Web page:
Nigerian Military Attend McCormack School Peace Building, Interfaith Dialogue Workshop

Center for Peace, Democracy, and Development | March 31, 2017
Senior Nigerian military leaders attend McCormack Graduate School workshop on conflict resolution.

Senior Nigerian military leaders attend McCormack Graduate School workshop on conflict resolution.



Nigeria is facing some of the most complex conflicts and we are hoping that we can contribute to long lasting solutions.



In late March, the McCormack Graduate School’s Center for Peace, Democracy, and Development (CPDD) hosted a two-day workshop on religion, peacebuilding, and conflict resolution for senior Nigerian military leaders.

The delegation included a major-general and two brigadier-generals who lead the Islam and Christian chaplaincies for the Nigerian army. They seek to develop the army’s ability to work with local populations, cooperate with religious institutions and community associations, and build local peace and security without the use of force.  

In this highly interactive training, participants explored an array of methods through which religious conflicts can be mediated and resolved. The Nigerian delegation learned to understand the core of religious conflicts, to evaluate approaches to improve religious relations through several mediation theories and practices, and to facilitate interfaith dialogue, community outreach, and peacebuilding strategies.

As part of the training, participants also engaged in experiential learning exercises emphasizing the psychological aspects of conflict resolution, the appeal to common interests and values, and the dynamics of coalition in mediating religious conflict.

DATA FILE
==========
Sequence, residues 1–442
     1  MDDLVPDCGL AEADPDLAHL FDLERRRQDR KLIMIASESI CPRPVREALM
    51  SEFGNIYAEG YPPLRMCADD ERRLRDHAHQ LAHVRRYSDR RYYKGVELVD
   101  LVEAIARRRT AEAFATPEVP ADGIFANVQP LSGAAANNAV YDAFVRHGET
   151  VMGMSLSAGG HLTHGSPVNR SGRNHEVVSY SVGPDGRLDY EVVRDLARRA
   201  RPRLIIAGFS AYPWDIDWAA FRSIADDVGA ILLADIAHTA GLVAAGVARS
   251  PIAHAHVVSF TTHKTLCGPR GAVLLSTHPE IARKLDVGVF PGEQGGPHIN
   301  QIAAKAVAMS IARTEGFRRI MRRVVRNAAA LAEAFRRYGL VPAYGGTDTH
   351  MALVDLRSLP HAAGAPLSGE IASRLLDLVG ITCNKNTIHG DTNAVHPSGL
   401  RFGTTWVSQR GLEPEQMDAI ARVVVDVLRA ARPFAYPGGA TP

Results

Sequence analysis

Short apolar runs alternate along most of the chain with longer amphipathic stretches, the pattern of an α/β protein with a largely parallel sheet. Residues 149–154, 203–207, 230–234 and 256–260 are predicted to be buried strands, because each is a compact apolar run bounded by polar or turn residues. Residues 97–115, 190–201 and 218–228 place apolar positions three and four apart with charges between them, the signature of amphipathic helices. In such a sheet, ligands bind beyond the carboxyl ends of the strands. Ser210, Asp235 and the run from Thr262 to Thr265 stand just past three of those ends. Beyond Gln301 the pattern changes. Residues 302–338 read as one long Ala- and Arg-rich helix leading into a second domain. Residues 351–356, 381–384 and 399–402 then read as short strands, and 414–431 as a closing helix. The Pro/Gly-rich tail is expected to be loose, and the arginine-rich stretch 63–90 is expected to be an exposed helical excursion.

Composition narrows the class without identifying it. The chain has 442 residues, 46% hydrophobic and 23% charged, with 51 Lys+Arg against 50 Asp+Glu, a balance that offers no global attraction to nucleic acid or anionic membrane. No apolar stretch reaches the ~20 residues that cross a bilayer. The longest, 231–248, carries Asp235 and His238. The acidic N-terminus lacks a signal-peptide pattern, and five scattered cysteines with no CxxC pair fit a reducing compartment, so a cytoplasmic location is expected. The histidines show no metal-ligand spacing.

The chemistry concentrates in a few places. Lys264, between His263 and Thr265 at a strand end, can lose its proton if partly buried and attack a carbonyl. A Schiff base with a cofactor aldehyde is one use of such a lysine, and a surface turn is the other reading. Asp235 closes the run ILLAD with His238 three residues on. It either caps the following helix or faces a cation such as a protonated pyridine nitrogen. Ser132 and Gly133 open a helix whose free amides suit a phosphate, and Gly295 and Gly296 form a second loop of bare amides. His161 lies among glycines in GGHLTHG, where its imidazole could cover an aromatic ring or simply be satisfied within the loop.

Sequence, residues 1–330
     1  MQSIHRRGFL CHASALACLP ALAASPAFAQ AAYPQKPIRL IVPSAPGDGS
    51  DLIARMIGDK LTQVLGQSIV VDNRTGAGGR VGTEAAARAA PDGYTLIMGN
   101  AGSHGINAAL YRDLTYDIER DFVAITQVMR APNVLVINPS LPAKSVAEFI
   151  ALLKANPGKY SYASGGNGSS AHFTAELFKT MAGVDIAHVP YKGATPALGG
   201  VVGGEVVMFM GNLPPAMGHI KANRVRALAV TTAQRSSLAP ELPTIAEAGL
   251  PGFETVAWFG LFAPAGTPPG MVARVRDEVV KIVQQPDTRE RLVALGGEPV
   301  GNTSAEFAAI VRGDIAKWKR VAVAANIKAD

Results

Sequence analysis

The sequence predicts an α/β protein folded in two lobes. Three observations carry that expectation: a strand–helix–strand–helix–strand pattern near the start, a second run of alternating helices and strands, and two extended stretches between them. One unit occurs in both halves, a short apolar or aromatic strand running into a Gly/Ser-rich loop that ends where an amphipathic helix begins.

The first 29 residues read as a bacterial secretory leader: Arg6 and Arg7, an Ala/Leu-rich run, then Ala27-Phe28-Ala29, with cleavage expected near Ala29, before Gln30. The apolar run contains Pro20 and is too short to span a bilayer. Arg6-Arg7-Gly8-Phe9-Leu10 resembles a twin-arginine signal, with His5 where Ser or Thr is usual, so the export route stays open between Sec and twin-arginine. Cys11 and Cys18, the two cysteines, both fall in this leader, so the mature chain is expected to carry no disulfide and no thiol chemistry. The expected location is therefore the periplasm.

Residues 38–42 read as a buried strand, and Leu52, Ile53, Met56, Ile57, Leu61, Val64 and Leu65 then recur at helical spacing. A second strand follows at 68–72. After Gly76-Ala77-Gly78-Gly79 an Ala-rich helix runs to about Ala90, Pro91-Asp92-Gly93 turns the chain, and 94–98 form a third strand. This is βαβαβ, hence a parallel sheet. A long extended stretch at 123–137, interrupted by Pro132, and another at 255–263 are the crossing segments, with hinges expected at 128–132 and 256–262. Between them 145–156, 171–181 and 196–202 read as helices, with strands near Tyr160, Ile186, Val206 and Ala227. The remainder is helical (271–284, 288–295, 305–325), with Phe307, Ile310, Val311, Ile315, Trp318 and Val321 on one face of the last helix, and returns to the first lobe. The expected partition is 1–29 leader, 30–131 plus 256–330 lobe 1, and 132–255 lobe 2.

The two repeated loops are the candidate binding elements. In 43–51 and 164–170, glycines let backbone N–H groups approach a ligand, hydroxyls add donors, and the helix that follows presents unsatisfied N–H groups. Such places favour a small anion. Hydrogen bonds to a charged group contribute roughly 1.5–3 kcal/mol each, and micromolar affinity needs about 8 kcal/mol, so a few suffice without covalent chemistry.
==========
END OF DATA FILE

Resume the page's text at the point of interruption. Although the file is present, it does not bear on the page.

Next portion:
The workshop also featured several sessions on U.S. counter-terror approaches presented by UMass Lowell’s Center for Terrorism and Security Studies.

CPDD Executive Director Darren Kew and key workshop trainer notes, “Our center has extensive experience working in Nigeria on religion, peace, and nonviolence issues. We welcome the opportunity to work with the Nigerian military to help improve its capacity in finding nonviolent solutions to its peacekeeping obligations.”

David W. Cash, McCormack Graduate School dean, commented, “This is another example of our policy school’s global reach and leveraging our research in engaging decision making on the ground. Nigeria is facing some of the most complex conflicts and we are hoping that we can contribute to long lasting solutions.”

The Center for Peace, Democracy and Development plans to provide follow-up assistance and host additional delegations in the future in order to help improve the Nigerian military’s peacekeeping capacity and its overall peacebuilding impact and professional conduct.

Tags: center for peace, democracy, and , nigeria , peacebuilding

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